Former Twitter troll credits Sarah Silverman with helping him see 'how important talking is'
Comedian helps conservative supporter make 180 by engaging in civil conversation about politics
This story was originally published on April 12, 2019.
David Weissman was an online troll who used to send Twitter mobs after anyone who didn't support U.S. President Donald Trump.
The 13-year army veteran says he was a conservative supporter who perceived his engagement online as social media war.
"Every time you logged in, you'll see how the other party is trying to impeach the person that you elected. It's very, very intense," he told Out in the Open host Piya Chattopadhyay. "It's like, 'Hey, these people are really trying to destroy America.'"
Weissman felt like it was his mission to take down liberals with what he believed were the only facts.
"Like Ben Shapiro always said, 'Facts don't care about feelings.'"
Hi, <a href="https://twitter.com/TwitterSafety?ref_src=twsrc%5Etfw">@TwitterSafety</a>, if you look up the word idiot in the dictionary it means Hillary Clinton supporter, so stop restricting me for truth.—@davidmweissman
'Softened my heart'
But his perspective started to change when he engaged with comedian and well-known democrat, Sarah Silverman on Twitter. She responded to Weissman's trolling attempt in a way that surprised him.
It’s not “more than”! That’s an odd twist to put on it. This is a country of immigrants. Our greatness comes from our inclusion. These people pay taxes, serve in our military. They are not “other”- they are us. You come from immigrants, David. We all do. ❤️ <a href="https://t.co/h6D2JMijUE">https://t.co/h6D2JMijUE</a>—@SarahKSilverman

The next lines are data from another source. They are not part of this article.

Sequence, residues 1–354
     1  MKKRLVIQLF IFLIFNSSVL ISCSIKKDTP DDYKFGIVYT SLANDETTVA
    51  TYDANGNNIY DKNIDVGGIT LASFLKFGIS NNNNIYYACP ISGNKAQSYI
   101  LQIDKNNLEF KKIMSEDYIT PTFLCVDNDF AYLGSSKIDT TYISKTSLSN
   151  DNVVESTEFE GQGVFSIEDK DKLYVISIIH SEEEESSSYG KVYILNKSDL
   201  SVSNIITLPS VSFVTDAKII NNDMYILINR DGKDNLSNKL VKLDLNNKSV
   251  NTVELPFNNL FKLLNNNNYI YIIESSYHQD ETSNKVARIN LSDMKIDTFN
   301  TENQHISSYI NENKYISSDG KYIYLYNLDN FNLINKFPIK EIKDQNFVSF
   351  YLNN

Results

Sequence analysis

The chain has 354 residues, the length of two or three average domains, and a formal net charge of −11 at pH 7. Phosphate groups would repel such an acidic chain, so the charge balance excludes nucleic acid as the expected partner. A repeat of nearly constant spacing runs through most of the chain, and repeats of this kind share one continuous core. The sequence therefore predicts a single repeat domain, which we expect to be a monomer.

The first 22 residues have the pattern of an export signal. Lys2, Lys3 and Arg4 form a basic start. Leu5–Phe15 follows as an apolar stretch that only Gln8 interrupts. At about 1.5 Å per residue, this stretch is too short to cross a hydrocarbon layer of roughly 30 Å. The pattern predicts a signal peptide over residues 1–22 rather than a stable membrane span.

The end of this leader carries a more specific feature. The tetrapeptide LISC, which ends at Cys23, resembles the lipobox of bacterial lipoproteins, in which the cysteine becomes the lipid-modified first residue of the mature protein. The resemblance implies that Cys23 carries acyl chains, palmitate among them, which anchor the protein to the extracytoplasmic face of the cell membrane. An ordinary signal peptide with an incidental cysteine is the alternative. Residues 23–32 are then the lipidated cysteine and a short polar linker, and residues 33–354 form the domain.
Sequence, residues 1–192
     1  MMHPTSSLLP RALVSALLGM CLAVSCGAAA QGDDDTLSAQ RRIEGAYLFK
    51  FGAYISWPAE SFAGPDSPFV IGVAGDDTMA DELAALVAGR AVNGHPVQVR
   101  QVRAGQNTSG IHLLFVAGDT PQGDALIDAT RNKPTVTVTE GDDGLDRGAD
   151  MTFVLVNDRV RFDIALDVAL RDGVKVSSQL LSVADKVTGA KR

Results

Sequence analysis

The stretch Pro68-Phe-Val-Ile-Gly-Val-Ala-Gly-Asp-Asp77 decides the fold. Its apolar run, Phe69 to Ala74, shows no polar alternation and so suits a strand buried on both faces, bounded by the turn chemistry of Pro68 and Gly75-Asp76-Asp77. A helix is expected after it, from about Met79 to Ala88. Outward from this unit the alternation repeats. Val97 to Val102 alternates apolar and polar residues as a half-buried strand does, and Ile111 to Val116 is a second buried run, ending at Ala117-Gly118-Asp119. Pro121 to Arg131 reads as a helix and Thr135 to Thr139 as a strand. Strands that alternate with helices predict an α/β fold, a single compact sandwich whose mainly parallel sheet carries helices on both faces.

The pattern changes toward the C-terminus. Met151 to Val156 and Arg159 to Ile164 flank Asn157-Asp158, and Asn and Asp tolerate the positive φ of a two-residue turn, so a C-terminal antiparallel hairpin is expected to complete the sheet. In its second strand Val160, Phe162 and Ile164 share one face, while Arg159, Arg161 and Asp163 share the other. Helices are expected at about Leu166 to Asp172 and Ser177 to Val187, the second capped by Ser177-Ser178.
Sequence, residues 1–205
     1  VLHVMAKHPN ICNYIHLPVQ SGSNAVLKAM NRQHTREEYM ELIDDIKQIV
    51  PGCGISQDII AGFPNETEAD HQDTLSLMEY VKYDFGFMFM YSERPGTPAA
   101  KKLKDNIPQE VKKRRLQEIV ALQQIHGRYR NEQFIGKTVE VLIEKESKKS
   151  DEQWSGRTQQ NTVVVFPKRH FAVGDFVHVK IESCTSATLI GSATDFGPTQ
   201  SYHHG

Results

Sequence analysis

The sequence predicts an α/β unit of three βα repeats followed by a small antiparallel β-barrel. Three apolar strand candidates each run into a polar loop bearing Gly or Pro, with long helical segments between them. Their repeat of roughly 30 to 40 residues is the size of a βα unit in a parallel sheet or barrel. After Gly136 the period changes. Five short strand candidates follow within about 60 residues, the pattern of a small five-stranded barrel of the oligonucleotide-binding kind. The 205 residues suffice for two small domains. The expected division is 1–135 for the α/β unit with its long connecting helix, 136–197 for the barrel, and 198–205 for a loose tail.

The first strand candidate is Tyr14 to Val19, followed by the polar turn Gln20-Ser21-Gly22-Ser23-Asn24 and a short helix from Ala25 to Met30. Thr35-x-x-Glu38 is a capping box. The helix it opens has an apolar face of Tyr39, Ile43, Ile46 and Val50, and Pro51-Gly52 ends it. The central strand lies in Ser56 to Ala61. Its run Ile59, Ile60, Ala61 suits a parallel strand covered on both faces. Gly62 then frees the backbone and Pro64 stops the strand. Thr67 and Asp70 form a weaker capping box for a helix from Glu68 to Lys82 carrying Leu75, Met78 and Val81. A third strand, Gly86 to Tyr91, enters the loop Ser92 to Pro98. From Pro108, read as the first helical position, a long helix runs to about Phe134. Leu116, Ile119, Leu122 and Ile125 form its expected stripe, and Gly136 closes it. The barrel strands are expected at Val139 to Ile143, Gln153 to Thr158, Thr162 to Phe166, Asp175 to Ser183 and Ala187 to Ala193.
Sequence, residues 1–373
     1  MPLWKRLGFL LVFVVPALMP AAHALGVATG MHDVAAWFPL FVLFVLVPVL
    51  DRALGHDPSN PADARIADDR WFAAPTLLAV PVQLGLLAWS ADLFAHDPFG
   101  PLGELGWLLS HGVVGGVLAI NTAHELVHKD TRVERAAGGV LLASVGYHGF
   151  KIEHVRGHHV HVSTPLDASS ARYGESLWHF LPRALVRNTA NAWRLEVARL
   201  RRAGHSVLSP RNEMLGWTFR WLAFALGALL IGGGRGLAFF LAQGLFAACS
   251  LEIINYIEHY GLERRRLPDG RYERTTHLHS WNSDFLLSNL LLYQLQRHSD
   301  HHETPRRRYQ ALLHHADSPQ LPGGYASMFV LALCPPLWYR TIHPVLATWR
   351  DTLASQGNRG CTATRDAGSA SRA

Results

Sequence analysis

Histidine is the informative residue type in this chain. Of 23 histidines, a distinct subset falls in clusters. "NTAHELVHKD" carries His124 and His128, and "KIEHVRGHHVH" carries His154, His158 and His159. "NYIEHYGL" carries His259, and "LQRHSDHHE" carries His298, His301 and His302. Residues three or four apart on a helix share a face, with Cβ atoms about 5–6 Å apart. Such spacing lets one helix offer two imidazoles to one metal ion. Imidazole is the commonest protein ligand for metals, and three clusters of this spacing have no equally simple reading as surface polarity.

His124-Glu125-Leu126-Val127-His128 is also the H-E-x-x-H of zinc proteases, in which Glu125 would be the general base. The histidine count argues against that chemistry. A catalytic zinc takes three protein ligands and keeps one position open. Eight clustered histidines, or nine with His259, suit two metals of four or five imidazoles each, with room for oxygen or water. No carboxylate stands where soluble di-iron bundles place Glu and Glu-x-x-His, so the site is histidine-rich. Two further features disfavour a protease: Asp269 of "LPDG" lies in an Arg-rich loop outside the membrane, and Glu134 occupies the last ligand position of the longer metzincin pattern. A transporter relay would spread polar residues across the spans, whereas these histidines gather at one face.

"We started talking and it was civil. There was no name-calling, no insults. And I kind of realized, 'Woah, I'm not used to that.' And that's what made an impact on me," he said.
Their online conversations continued with Weissman asking questions about liberal beliefs to better understand the "other side", while Silverman and her followers responded with their perspectives.
Thank you Sarah, I appreciate you & your followers helping me understand a little bit more Planned Parent Hood & abortion. I know it's a tough subject, but i have a better understanding where you guys who are pro abortion are coming from. The media doesn't seem to show this side.—@davidmweissman
"That kind of softened my heart … to actually have a discussion instead of arguing all the time.'"
The exchanges helped him realize that Silverman, along with other Democratic supporters, weren't the enemies, but people with different values. As his curiosity grew, Weissman continued initiating conversations with liberal supporters on and offline.
When the troll becomes the trolled
His shift from being a troll, to expressing openness and willingness to engage, didn't sit well with some of Weissman's online allies. Eventually, they turned on him.
"It was kind of surprising. This was before I made any decisions about being a Democrat or leaving MAGA and ending my support for Trump. I was just discussing it. I was just dialoguing. And for some reason, they saw that as a threat," recalled Weissman.
I've been angry for over 2 years. I can't help it when I see a traitor purposely try and destroy my country all to enable our enemy and line his own pockets. Attacking healthcare makes me outraged.—@prestoawake123
He says he was called a traitor online by some of his friends and political allies.
"People were freaking out like, 'Oh my gosh, he's becoming a liberal. He's a Democrat,'" Weissman remembered. "It felt like, in a way, karma."
'The eagerness to learn from others' matters most
Although Weissman ultimately switched political sides, it was his behavioural shift online that allowed him to understand other perspectives. He credits talking to people who didn't judge him, or tell him he was wrong, as crucial to changing how he engaged online.
"It was patience and understanding of where conservatives come from that led to a dialogue," he reflected.
But he also acknowledges that it's sometimes best to block trolls, especially those who aren't ready or willing to engage in a respectful exchange.
"I think that's what matters more ー is the eagerness to learn from others. I was very, very lucky that people were engaging with me."
This story appears in the Out in the Open episode, "Switching Sides."